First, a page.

As blog writers and online marketers, we face a variety of difficult professional issues. Organizing workflow, setting up future business leads, and honing skills are the usual concerns, but sometimes all of those are shelved when we aren’t 100% on board with what the client wants to do.
We walk a fine line of maintaining our expertise, and wanting to be cooperative with the client’s wishes. It can be a very subtle feeling, but generally when a client asks you to do something you don’t feel good about, it falls into one of these categories:
- They aren’t willing to invest the time and money necessary to make a strategy succeed.
- They are committed to a strategy you don’t think will accomplish the goal.
- Ethically, you don’t feel good about their goals.
These are very distinct issues, but they touch on the same conundrum: When do you go with the flow and hope for the best, and when do you stand your ground?
In the case of the first point of conflict, it can be useful to point out similar campaigns by other companies that were successful, and examine the investment that was necessary to make it work. If you can’t achieve a greater buy-in from your client, it’s time to do your best, and hope that if it doesn’t accomplish all the goals you hoped, that they will remember your earlier cautions and devote more resources next time.
If your client chooses a course of action that you just don’t think will work for what they want to do, it can be a hard decision to go along with it. Each day, you feel a stronger uneasiness as you plod along on a course you don’t believe will work. If you’ve tried to educate your client about why you don’t feel their plan is ideal, perhaps you can try to take a detached view and think of the process as an educational experience. Take notes along the way about where the plan falls short, what you would have done differently, and maybe you can write a white paper about the endeavor later.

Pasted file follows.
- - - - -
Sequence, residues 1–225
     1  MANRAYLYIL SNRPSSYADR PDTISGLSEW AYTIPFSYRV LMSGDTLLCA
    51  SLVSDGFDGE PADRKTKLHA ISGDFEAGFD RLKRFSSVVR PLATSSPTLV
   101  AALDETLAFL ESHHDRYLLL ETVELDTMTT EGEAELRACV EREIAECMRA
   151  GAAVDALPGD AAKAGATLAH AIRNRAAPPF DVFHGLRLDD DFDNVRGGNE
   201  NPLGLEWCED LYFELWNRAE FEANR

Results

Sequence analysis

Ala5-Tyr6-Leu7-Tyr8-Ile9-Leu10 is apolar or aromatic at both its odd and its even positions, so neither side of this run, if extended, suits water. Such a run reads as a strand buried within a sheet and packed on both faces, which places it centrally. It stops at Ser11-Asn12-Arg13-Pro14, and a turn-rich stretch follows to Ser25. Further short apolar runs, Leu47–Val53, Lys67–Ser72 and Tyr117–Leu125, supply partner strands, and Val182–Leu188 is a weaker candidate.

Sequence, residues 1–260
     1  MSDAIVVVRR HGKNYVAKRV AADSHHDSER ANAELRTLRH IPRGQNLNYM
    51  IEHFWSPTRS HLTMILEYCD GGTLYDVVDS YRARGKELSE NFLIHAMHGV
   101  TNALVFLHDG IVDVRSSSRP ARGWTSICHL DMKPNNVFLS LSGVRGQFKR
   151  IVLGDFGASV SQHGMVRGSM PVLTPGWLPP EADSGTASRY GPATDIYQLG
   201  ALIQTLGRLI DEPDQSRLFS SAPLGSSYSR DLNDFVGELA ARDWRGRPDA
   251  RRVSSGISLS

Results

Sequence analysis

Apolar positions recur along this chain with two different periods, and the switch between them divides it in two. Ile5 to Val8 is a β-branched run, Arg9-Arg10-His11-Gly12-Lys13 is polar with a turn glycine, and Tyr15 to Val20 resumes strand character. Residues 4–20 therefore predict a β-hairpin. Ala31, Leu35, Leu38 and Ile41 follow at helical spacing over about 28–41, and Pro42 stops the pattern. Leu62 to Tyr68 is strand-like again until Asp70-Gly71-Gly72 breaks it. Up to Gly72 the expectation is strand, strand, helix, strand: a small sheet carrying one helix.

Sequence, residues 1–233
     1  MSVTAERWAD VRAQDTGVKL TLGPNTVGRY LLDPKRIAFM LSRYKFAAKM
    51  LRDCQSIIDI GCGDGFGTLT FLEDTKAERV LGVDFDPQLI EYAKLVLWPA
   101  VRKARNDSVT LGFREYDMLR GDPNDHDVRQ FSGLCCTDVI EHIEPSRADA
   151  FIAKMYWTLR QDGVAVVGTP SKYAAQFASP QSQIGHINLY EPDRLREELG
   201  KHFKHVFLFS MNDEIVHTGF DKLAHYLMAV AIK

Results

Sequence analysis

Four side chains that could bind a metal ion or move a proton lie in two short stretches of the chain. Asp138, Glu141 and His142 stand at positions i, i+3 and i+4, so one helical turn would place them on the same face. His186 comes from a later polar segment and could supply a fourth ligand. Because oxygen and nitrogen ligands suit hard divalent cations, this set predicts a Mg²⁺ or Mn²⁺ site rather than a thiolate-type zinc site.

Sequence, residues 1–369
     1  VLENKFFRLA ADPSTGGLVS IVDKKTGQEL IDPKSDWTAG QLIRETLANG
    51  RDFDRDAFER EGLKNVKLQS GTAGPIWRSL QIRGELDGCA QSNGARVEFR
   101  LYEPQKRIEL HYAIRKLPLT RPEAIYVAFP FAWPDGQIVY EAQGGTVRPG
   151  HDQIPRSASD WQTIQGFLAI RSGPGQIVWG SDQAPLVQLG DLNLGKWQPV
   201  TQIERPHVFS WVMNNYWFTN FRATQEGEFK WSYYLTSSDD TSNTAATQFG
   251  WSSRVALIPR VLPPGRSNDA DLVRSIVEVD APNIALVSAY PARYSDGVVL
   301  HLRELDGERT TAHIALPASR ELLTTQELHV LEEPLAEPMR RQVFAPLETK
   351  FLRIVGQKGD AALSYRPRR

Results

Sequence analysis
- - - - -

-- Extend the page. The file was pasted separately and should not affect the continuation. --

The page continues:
The last situation can be the most uncomfortable. If your client is trying to use your services in order to pull off a less-than-scrupulous business goal, or even just something that goes against your personal beliefs, it can be almost impossible to smile and nod, let alone perform at your highest level. Depending on your financial and professional situation, this is the time when you might need to cut and run. However, if you need to maintain a civil business relationship, this can require a little finesse. But then, you’ve over-committed with other work. You don’t feel you can give them the attention they deserve. You’re not the best fit for the job. It can’t be helped. (wink, wink)
Only you can decide if you’re able to work through the conflict when a client’s work is at odds with your ideas and personality. Have you ever been in this position, and what did you end up doing?